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Ariel Pink's coronation as hipster king

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Ariel Pink 2
Eric Brown

Comfort was tough to come by at Brooklyn’s Baby’s All Right Thursday night. As fans decked out in denim, floral prints, and flannel waited to see garage-psych prankster Ariel Pink, they had a choice to make: Hang out in the perma-cloud of cigarette haze out front and risk a poor spot or cram into the packed bar area with fellow diehards. Mac DeMarco stood outside puffing a cigarette, while hushed whispers pointed out that yes, that was really Sky Ferreira weaving her way around the bar. If Williamsburg is the nexus of hipsterdom, then Baby’s All Right is its focal point.

Fans needed to maximize comfort, because Pink was running late. Scheduled to go on at 11:30, a sprawling soundcheck—where Pink gave the songs off his new record, pom pom, a final dry run before their live premiere—delayed the set, until some began to wonder if he’d show up at all. “He’s going to come out,” one fan from Boston assured me. “I saw him in Boston. Did he come out 45 minutes late? Yes. Did he only play for 35 minutes, most of it on his back, before leaving the stage? Yes. But were those the greatest 35 minutes of music? You bet. He’s going to come out.”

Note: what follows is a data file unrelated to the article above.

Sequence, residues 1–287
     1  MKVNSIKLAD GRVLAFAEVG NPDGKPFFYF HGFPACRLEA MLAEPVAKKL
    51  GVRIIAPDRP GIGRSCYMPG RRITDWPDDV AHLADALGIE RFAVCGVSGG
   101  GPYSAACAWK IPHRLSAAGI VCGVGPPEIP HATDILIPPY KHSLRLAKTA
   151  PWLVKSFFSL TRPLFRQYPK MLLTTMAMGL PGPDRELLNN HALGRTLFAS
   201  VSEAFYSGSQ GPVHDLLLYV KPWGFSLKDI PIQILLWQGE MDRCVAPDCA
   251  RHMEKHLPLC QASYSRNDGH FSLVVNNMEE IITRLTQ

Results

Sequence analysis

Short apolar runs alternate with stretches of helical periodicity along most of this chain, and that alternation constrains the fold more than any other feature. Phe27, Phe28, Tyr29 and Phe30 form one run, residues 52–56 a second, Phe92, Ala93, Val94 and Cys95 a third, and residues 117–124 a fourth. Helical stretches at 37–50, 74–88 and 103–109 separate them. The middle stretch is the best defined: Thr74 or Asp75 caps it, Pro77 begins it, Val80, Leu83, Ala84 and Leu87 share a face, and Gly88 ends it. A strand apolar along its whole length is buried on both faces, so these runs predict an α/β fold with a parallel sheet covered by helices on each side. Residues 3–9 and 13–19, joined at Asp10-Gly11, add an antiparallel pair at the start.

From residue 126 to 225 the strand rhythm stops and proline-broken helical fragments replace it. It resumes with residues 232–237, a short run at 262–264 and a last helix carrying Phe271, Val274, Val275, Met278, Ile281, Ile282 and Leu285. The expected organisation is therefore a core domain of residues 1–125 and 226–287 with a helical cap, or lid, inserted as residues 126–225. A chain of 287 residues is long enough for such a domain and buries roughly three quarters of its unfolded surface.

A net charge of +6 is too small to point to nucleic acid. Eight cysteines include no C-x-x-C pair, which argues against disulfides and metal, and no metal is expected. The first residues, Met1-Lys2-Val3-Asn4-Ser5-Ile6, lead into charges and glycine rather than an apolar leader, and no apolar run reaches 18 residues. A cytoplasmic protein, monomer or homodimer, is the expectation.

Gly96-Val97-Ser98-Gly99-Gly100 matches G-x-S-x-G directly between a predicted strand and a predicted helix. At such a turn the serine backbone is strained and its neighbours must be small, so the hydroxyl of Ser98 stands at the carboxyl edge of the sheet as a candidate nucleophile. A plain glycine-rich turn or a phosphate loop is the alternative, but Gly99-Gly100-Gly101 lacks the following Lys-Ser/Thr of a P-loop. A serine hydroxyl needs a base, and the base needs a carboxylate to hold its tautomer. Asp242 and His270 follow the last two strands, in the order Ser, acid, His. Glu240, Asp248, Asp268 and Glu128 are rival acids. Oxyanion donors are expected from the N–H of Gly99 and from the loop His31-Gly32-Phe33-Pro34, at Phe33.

Pink finally made his way onstage at 12:56 a.m., his blond mop tamed by a black bowler, his eyes cooly shrouded by aviators. A tight, reflective pink shirt stretched across his chest, Pink tore through nearly all the songs off his new record—the first without his Haunted Graffiti ensemble—in an 85-minute, often brilliant show.

pom pom is, at its core, an alienation manifesto. Long known as one of indie music’s chief weirdos, Pink constantly tosses out tidbits of skepticism: “Don’t believe what you see” on glammed-out dirge “Four Shadows,” “the mannequins are so afraid” on hippie-circus jaunt “Plastic Raincoats In the Pig Parade.” Alongside the goofy schtick of Ariel’s studio recordings—he perpetually toes the line between genius and annoyance—his lyrics can seem inconsequential. But given the teeth of a backing band and the Baby’s All Right’s clientele, Pink’s set felt like his coronation as some sort of hipster king. pom pom doesn’t hit shelves for another six weeks, but nearly every person in attendance—faces painted, clad in secondhand treasures—reveled in Pink’s strangely entrancing aura and treated the unreleased songs as age-old anthems.

Pink pulled some amusing stunts, like crowd surfing with a Miller High Life and shouting many of his lyrics through a megaphone, but none of them would’ve worked without his lyrical sincerity and undeniable groove. “White Freckles” seamlessly twitched from manic rave-up to atmospheric slow funk, as the crowd moshed and slow danced accordingly. Pink adapted 1960s garage-psych with a dark cover of “She’s Gone” by the Dovers, and later channeled glam-king T.Rex on “Dayzed Inn Daydreams” and encore “Sexual Athletics.”

Strictly speaking, Pink played phenomenally: The riffs were tighter, his voice was spot on, and the performance was a hell of a lot of fun, to boot. But the bizarro audience wasn’t concerned with Pink’s technicality, or whether the songs rocked way harder live than they do in the studio (they do); tonight Pink had assembled a couple hundred devotees, affirming that a place existed for them to exorcise their alienation. That place was Baby’s All Right.

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